In this case, it seems the reincarnationists are wrong. Christianity developed from Judaism, and Judaism does not hold any belief in reincarnation. Jesus, the "founder" of Christianity, was a Jew and hence, by education and culture, not a reincarnationist. Granted, there are those who hold Jesus spent time in India, Japan, and other nations, learning from various gurus who might have taught him about reincarnation. Yet there is no good evidence whatever for such a belief.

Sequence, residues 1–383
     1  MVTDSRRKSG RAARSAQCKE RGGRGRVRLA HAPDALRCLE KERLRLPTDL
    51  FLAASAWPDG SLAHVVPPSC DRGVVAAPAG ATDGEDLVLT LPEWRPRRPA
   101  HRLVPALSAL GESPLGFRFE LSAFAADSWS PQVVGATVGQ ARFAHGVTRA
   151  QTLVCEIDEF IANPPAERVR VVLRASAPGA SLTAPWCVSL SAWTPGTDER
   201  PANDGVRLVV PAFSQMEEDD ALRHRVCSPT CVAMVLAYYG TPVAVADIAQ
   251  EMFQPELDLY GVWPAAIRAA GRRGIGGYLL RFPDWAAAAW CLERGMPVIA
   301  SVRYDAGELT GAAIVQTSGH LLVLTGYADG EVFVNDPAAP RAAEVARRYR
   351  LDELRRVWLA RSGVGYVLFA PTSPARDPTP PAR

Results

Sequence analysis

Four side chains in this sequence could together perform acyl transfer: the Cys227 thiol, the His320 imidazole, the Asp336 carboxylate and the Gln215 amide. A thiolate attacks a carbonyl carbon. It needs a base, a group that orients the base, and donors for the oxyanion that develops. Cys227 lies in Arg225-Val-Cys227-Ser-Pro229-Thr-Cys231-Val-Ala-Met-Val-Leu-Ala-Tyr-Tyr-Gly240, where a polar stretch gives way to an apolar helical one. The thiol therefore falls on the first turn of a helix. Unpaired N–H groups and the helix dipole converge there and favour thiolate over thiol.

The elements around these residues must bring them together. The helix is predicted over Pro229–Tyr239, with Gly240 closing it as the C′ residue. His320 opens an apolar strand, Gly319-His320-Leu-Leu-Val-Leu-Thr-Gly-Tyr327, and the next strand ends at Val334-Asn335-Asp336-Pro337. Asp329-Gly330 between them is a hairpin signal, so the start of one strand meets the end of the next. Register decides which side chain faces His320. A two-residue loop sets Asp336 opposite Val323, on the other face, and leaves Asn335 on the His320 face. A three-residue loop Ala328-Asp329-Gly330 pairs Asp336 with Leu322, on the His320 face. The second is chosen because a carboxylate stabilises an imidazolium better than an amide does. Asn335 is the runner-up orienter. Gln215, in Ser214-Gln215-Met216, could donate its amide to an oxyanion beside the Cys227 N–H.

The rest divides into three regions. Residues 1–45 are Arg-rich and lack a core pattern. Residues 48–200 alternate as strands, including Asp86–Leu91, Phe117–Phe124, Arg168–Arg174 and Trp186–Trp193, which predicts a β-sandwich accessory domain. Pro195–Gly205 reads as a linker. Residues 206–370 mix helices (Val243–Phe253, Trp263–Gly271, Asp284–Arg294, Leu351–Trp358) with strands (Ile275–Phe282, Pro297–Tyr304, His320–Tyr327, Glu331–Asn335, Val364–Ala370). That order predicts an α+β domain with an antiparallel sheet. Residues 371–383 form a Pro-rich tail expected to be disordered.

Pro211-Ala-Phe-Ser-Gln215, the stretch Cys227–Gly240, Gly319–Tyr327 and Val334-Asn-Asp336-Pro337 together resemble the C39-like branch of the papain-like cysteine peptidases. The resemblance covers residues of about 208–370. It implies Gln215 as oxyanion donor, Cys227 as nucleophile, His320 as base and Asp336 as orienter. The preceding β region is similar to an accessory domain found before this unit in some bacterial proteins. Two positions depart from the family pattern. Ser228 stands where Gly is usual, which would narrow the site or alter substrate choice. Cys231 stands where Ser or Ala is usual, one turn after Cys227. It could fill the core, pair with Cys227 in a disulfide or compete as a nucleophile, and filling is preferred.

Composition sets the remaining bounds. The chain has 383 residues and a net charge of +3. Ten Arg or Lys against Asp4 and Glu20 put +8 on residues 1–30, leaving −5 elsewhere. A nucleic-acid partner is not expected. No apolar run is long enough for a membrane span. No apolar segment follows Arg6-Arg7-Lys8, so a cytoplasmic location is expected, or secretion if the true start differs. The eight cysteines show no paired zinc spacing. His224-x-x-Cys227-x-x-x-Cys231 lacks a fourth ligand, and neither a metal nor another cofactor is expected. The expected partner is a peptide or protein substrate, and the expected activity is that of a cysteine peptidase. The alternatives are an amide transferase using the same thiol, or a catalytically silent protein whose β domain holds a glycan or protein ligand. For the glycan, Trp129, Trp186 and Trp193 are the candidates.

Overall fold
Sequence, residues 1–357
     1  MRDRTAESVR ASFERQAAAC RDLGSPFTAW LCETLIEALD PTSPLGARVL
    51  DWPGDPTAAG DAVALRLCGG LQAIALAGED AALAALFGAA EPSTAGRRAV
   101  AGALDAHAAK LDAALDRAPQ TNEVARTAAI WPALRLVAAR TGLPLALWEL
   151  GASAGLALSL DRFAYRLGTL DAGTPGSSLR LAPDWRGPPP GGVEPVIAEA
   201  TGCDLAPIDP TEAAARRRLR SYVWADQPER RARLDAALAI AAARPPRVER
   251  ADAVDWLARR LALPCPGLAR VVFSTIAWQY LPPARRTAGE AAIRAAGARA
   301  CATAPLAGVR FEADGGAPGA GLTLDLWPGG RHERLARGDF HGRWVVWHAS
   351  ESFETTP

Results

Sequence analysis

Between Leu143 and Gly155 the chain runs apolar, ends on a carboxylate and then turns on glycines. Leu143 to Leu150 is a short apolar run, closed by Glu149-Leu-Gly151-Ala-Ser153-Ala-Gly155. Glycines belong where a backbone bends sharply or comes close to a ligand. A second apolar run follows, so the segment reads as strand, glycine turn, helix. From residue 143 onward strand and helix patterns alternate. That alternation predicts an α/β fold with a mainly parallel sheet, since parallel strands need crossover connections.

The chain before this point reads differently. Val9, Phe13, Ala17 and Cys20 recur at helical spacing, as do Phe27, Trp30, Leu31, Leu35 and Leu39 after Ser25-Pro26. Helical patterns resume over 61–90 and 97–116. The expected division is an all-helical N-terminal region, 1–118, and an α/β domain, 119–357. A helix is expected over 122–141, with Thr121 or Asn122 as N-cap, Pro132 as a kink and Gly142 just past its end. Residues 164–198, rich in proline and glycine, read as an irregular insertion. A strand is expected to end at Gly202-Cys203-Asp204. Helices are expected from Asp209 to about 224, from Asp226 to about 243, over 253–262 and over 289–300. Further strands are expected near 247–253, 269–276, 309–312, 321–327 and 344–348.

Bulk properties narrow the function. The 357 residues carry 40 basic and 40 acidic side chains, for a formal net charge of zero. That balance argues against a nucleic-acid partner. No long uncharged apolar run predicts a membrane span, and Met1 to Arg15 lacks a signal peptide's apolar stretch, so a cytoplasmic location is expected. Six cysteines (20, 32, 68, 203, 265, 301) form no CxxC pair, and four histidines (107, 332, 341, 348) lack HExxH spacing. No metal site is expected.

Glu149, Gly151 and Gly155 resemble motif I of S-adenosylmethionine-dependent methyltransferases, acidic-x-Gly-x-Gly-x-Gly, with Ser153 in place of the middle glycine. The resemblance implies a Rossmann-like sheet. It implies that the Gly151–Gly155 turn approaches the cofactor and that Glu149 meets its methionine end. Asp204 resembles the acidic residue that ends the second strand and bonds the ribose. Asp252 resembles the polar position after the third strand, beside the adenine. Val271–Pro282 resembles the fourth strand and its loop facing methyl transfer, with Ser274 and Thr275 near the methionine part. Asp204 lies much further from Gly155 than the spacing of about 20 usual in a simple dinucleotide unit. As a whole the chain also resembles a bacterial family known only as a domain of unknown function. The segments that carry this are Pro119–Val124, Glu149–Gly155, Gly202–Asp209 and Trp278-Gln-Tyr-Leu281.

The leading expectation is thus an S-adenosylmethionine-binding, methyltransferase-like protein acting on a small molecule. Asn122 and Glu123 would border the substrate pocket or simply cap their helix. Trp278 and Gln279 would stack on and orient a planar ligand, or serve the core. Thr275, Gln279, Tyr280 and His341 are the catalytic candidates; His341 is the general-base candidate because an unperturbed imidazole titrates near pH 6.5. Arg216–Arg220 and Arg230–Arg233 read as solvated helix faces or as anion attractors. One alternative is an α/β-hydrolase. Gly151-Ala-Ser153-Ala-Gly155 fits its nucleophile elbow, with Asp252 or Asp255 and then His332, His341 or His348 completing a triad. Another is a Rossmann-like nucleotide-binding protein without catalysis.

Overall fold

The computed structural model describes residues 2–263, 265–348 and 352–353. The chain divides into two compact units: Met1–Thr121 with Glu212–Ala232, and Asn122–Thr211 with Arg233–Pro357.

So, reincarnation is not really Biblical in nature. The overlooked point however, is who cares? Our society is so steeped in Judeo-Christian views, and we are generally indoctrinated in those views when young, that it seems likely many reincarnationists are trying to "justify" their belief with their upbringing, no matter how much they may decry Christianity as such. There is no need for Biblical justification of belief in Christianity. It is quite basically, totally irrelevant.

(As an aside, there are other Christian works that do have references to reincarnation, including the Book of Origen, but none of these works are actually part of the Bible).

C. Seeming memories of past lives are nothing other than examples of cryptomnesia or fantasies of the mind.